Many Americans are still scarred by last year's summer gas-price spike to $4 a gallon. This summer gas prices are down around $2.50 a gallon, but for the first time since mid-June, prices have gone up week-over-week.
The laws of supply and demand, though, indicate that prices should be heading down, not up: supply has increased, demand has decreased.
With American consumers struggling to survive the worst economic crisis since the Great Depression, concern about a possible increase in gas prices now has some lawmakers pointing the finger of blame squarely at oil speculators on Wall Street.
"When there's a lot of supply and limited demand, we expect prices to go down," Sen. Bernie Sanders, I-Vt., told ABC News. "That's where we are today: A lot of supply and limited demand. But what's happening is our friends on Wall Street are once again into their speculation. They own a substantial part of the oil futures market and they are artificially driving prices up."
Sanders is leading the charge for the government to take action to stamp out oil speculators.
This week the chief government regulator signaled that action could be coming down the pipeline. On Tuesday, Gary Gensler, the chairman of the Commodity Futures Trading Commission, kicked off a series of public hearings on the issue by warning of "strict" new limits on traders betting on energy contracts.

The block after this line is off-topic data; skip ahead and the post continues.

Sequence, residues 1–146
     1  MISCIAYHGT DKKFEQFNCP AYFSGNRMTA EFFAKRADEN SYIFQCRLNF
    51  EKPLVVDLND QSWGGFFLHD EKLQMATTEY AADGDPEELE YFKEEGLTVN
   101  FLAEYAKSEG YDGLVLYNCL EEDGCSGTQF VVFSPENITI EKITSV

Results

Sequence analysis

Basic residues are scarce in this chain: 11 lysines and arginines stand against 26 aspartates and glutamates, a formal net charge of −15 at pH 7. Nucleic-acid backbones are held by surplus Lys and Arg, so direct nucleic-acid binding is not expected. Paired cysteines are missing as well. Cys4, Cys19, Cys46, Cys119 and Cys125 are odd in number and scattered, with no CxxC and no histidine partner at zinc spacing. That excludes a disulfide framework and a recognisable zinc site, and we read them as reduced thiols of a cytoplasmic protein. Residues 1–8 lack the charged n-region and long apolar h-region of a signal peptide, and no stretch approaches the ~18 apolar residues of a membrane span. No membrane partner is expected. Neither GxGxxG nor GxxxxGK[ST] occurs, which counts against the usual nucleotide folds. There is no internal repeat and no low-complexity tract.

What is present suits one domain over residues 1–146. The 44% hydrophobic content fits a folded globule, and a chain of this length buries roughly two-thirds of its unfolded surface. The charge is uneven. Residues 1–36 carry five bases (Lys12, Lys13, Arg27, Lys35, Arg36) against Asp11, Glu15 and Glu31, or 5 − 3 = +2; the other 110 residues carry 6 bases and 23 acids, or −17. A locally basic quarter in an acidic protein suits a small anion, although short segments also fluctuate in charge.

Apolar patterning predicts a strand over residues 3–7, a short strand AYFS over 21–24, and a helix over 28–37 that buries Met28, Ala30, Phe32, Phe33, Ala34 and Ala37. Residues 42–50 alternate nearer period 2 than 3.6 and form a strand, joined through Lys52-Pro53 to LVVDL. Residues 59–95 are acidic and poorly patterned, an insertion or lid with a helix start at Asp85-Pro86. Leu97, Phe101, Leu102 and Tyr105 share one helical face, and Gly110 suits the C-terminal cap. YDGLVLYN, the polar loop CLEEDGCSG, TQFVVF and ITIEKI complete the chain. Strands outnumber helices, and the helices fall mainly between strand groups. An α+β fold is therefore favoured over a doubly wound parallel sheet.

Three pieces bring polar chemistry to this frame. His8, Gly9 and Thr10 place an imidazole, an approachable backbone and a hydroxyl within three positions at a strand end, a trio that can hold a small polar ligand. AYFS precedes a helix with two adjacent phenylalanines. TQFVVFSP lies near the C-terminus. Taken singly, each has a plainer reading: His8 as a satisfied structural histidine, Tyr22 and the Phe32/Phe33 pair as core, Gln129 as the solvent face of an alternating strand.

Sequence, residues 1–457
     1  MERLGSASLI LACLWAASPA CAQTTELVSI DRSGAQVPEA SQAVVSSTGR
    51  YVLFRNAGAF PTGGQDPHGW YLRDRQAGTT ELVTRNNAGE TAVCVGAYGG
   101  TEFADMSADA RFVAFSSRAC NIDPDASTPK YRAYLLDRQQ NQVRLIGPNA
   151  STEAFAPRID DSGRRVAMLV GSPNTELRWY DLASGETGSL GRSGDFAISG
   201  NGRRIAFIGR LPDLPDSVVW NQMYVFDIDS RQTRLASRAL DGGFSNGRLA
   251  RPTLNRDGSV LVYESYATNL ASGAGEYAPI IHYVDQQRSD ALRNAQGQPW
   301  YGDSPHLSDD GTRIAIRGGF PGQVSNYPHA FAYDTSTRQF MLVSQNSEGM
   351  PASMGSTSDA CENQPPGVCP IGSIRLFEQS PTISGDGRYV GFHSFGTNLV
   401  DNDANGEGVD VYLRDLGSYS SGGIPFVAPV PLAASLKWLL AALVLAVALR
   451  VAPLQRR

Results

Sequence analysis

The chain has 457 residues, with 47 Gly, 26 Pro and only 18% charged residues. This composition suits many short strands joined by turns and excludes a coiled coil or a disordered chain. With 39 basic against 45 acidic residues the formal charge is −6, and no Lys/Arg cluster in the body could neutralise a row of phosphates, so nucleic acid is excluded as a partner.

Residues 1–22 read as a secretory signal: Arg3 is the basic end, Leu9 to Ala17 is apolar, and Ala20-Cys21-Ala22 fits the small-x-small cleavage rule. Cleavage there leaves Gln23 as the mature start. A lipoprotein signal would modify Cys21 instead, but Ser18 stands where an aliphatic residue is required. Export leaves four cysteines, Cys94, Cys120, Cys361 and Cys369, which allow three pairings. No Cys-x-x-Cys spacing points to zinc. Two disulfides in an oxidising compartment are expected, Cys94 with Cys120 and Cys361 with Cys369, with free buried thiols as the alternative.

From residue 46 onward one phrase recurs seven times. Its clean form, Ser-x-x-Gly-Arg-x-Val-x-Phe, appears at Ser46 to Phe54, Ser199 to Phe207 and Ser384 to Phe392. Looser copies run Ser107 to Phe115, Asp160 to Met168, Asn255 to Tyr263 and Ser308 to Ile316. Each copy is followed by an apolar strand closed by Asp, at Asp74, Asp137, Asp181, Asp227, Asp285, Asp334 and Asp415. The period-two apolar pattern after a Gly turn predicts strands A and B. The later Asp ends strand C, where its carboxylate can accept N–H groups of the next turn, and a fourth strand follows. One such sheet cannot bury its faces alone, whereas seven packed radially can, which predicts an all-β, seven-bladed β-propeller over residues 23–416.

"We must seriously consider setting strict position limits in the energy markets," Gensler said at the hearing in Washington.
Sanders, who testified at Tuesday's session, singled out Goldman Sachs as one bank responsible for the rise in oil prices. Goldman Sachs told ABC News that they were unable to comment at the present time.
Another lawmaker sounding the alarm on excessive speculation is Rep. Bart Stupak, D-Mich., chairman of the House Energy and Commerce Committee's Subcommittee on Oversight and Investigations.
"We cannot continue with the status quo and allow excessive energy speculation to inflate energy prices beyond underlying supply-and-demand fundamentals," Stupak said. "Excessive speculation is having a devastating effect on energy prices and the global economy."
The CFTC can prevent that from happening if it can ultimately drive speculators out of the game, the lawmaker said.
But one economist said what the banks are doing is exactly what the CFTC is supposed to make happen.
"He's wrong," said Philip Verleger, an economist and professor at the University of Canada who has studied oil prices extensively and will testify before the CFTC in August. "His economics are wrong."
Verleger said the reason for the recent build-up in oil inventory is that it has become profitable for buyers to purchase oil today and then sell a contract to deliver that oil at some point in the future at a higher price.
For the first buyer, it represents a guaranteed, risk-free return on the initial investment. For the company that buys the futures contract, it allows it to lock in prices for oil it will need in the future.
"That is hedging, that is what the CFTC was set up to facilitate in 1936," Verleger said.